South Korean Conglomerate CEO’s Find Ways to Not Reveal Salary
luvsmiling, April 2, 2015, 11:07 a.m.
Rules calling for the disclosure of the salaries of corporate bosses who earn more than W500 million a year are failing to bite (US$1=W1,110). Instead of declaring their earnings, conglomerate owners simply step down from the board of directors, raising concerns that transparency is making no progress at all.
Many CEOs relinquished their board positions at shareholder's meetings held last year. Disgraced SK Group chairman Chey Tae-won, who is in jail, and fellow convict Hanwha Group chairman Kim Seung-youn took the lead because they had no choice.
But there was no obvious reason for CJ Group chairman Lee Jae-hyun and Shinsegae vice chairman Chung Yong-jin to step down from their boards -- unless they wanted to keep their earnings secret. Out of 1,370 companies owned by conglomerates, the number of subsidiaries where at least one member of the founding family is a director member fell from 375 in 2013 to 312 last year.
Listed companies have been required since last year to reveal the annual salaries of board members who make more than W500 million a year. The only corporate chiefs to reveal their salaries under the new measure were Hyundai Motor chairman Chung Mong-koo, LG Group chairman Koo Bon-moo, Lotte Group chairman Shin Dong-bin, Hanjin Group chairman Cho Yang-ho and GS Group chairman Huh Chang-soo.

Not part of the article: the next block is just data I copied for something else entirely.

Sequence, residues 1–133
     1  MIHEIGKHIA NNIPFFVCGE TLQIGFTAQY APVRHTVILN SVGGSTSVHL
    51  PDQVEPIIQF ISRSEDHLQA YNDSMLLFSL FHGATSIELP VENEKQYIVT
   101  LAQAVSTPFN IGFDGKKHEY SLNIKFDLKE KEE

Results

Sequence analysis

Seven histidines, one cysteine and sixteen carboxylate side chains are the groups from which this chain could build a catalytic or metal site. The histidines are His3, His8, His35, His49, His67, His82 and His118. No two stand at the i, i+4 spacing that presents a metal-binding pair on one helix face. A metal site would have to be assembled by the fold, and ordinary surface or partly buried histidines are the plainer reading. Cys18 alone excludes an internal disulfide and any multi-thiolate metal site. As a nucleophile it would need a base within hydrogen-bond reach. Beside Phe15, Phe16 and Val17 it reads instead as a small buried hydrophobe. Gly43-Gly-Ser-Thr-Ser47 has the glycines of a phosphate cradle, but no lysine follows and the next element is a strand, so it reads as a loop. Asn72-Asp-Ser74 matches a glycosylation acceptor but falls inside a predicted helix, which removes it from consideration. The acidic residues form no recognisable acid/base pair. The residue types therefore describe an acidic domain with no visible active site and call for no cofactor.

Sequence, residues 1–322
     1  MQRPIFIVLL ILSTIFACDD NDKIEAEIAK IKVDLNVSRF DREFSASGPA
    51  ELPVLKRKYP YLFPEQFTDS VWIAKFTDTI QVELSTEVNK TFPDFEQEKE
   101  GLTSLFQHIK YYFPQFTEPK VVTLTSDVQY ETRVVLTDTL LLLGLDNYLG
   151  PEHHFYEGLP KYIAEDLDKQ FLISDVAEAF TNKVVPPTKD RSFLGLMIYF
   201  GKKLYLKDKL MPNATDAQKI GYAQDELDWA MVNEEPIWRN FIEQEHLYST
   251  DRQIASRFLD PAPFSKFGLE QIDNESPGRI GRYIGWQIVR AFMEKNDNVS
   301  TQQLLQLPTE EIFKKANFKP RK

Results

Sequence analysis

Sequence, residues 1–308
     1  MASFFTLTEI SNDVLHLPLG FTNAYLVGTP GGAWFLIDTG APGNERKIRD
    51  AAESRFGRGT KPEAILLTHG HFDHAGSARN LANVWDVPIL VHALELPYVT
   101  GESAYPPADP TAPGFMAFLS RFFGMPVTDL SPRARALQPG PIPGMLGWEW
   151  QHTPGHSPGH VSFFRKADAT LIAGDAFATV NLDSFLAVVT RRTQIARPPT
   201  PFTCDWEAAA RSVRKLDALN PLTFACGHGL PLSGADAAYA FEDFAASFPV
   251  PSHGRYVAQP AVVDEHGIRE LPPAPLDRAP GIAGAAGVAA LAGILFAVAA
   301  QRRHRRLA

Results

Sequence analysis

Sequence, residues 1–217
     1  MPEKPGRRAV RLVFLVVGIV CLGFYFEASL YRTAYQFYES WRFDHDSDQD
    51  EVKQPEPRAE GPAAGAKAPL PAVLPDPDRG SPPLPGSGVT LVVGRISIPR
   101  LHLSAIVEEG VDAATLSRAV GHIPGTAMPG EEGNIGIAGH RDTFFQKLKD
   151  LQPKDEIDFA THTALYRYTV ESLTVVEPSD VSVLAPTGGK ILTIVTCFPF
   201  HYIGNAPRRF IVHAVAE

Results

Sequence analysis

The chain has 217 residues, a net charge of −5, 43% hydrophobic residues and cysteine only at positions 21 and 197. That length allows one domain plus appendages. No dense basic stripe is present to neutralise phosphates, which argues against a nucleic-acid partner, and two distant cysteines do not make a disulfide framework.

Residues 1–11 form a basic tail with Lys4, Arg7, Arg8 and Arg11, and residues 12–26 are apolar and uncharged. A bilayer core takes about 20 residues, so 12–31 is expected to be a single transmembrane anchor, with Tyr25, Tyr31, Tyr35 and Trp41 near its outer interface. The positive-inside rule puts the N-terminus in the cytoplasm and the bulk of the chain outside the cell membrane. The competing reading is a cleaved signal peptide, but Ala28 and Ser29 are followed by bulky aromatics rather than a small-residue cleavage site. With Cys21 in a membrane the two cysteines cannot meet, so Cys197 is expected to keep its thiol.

One industry insider said, "At this rate the measure is useless." There is also controversy over the measure itself. Critics say that all senior corporate executives should declare their earnings. They cite examples in the U.S. and other advanced economies where the salaries of top management executives are made public to give shareholders an opportunity to prevent overpaying.
But others say the U.S., Japan and Germany have different objectives than Korea in making fat-cat salaries public. In those countries the top management can form committees to determine their own wages, which requires a separate monitoring mechanism. But in Korea, the salaries of corporate chiefs need to be approved by shareholders, which some say is enough transparency and there is no need for the wider public to know.
Meanwhile, Chung at Hyundai earned W21.6 billion from the automaker and affiliates Hyundai Engineering and Construction and Hyundai Steel, the fattest pay check. It includes a W9.5 billion in retirement pay Chung received after stepping down from his board position at Hyundai Steel. If that is excluded, Chung made around W12.1 billion last year, less than the W14.6 billion pocketed by Shin Jong-kyun, the head of Samsung Electronics' mobile communications business.